Saturday June 15, 2024

Full court to take up petitions against law limiting CJP’s powers today

A 15-member full court bench of Supreme Court will hear the case at 9:30am

By Abdul Qayyum Siddiqui & Maryam Nawaz
September 17, 2023
Supreme Court of Pakistan. — Supreme Court website/File
Supreme Court of Pakistan. — Supreme Court website/File 

A 15-member full court bench of the top court headed by newly-appointed Chief Justice of Pakistan (CJP) Qazi Faez Isa will take up a set of petitions challenging the Supreme Court (Practice and Procedure) Act on Monday (today).

As per the cause list issued by the SC’s registrar office, a 15-member full court bench will hear the case tomorrow (Monday) at 9:30am.

Well-placed sources revealed that the full court proceedings will be broadcast live. They added that the information ministry is taking necessary steps to live telecast of the proceedings.

An 8-member larger bench headed by former chief justice Umar Ata Bandial and comprising Justice Ijazul Ahsan, Justice Munib Akhtar, Justice Sayyed Mazahar Ali Akbar Naqvi, Justice Muhammad Ali Mazhar, Justice Ayesha A Malik, Justice Syed Hasan Azhar Rizvi and Justice Shahid Waheed had previously heard the petitions challenging the constitutionality of the law aimed at curtailing the suo moto powers of the apex court's top judge.

During the previous hearing in June, the similarities between the Supreme Court (Review of Judgments and Orders) Act 2023 — which relates to the right of appeal in suo motu cases — and the SC Practice and Procedure Act were discussed with Attorney General for Pakistan (AGP) Mansoor Usman Awan saying that parliament could look into "harmonising" the two Acts.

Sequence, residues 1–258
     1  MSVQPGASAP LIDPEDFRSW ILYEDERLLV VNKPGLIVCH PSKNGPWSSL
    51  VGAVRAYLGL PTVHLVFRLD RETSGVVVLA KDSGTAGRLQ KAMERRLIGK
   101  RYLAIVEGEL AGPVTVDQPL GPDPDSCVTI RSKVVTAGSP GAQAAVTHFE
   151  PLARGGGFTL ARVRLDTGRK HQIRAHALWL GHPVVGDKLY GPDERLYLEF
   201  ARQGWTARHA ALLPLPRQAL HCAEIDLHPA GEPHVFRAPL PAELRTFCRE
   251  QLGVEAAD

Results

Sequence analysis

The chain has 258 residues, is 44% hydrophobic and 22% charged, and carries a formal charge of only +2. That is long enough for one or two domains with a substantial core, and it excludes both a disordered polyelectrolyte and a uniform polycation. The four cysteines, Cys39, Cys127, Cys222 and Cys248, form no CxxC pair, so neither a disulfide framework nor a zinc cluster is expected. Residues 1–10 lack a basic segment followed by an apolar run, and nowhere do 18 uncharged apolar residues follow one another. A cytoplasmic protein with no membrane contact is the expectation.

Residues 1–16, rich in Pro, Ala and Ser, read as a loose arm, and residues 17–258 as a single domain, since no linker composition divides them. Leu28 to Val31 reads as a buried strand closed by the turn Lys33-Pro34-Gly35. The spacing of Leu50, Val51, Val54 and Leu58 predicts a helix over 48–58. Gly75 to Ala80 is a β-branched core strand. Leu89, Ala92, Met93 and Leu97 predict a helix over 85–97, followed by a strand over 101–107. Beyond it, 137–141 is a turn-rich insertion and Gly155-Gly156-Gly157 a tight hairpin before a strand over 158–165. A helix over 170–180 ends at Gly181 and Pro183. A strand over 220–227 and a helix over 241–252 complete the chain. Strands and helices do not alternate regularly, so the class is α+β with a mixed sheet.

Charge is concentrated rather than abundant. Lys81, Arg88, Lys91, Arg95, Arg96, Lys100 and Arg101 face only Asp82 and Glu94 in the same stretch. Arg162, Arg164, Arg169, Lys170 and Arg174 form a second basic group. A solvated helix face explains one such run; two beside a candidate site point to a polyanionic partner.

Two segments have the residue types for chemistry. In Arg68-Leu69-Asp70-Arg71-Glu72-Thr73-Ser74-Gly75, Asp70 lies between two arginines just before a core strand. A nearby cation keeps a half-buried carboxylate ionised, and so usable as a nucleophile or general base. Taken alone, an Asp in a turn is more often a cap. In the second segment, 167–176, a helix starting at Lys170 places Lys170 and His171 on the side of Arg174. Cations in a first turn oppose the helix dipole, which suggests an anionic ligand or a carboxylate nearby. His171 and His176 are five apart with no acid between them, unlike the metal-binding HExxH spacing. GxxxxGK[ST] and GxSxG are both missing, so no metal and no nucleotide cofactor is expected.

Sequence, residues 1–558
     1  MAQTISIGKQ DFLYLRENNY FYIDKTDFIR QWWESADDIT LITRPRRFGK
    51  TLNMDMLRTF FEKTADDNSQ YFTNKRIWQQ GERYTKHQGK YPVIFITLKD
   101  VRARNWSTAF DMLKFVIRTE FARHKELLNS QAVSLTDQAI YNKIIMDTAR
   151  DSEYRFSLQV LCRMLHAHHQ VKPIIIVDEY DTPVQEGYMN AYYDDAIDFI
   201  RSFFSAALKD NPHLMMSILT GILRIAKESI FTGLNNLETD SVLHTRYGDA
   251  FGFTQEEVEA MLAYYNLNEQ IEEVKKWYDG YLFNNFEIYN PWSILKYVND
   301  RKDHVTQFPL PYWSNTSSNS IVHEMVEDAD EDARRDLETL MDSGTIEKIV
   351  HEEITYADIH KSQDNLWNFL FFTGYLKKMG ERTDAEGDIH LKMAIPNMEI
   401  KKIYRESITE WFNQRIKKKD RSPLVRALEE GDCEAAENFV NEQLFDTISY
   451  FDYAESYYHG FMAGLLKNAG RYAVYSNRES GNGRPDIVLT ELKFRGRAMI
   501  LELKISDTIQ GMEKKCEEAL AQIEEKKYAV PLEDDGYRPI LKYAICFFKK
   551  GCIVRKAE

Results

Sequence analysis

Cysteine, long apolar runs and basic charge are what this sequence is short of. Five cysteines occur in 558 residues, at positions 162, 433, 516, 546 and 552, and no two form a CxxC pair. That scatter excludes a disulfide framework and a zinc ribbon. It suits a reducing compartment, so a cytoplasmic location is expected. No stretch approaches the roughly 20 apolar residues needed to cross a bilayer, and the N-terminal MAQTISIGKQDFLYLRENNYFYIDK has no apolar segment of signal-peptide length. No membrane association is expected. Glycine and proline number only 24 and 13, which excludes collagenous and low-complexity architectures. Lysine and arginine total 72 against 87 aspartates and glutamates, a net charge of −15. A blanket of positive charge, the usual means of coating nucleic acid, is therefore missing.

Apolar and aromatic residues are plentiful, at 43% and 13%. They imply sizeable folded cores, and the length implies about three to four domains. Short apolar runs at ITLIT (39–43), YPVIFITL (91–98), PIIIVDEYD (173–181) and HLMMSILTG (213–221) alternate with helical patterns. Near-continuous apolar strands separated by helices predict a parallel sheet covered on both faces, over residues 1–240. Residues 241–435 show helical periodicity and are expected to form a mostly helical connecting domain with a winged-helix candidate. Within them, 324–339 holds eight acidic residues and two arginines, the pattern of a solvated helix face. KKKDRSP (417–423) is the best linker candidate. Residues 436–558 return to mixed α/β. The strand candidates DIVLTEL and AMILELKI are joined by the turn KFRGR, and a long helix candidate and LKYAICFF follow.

The then-CJP — while he welcomed the proposal — said that the federal government should take the top court into consideration when making any legislation related to the judiciary.

Subsequently, the AGP told the ex-CJP that immediate legislation on the Acts was not possible due to the upcoming budget session — held on June 9. He requested the court to hold the hearing after the session, following which the hearings for the Acts were scheduled for September 18 (tomorrow).

PTI wants law nullified

Pakistan Tehreek-e-Insaf (PTI) had earlier petitioned the top court to declare the Act as ultra vires to the Constitution.

The PTI, through its counsel Uzair Karamat Bhandari, filed a concise statement in the petitions challenging the Act and prayed to the apex court to strike down sections 2, 3, 4, 5, 7 and 8 of the Act.

Moreover, the party submitted that the Act is beyond parliament’s legislative competence and is unlawful in that it impinges on the independence of the judiciary “which has time and again been recognised by this court as a fundamental feature of the Constitution”.

PTI’s petition also maintained that the Act went against the settled interpretations of various constitutional provisions by the apex court.

The controversial bill

The bill, aimed at regulating the powers of the CJP, was approved by the parliament during a joint sitting on April 10.

The National Assembly, on April 21, notified the Supreme Court (Practice and Procedure) Bill 2023 as an act.

However, even before it became an Act, the bill was challenged in the Supreme Court, and, on April 13, the same bench hearing the case halted its implementation, observing that the bill would not be acted upon in any manner till further order.

"The moment that the Bill receives the assent of the President or (as the case may be) it is deemed that such assent has been given, then from that very moment onwards and till further orders, the Act that comes into being shall not have, take or be given any effect nor be acted upon in any manner," read the nine-page interim order issued on April 13.

In its order, the bench stated that the facts and circumstances presented here are extraordinary both in import and effect.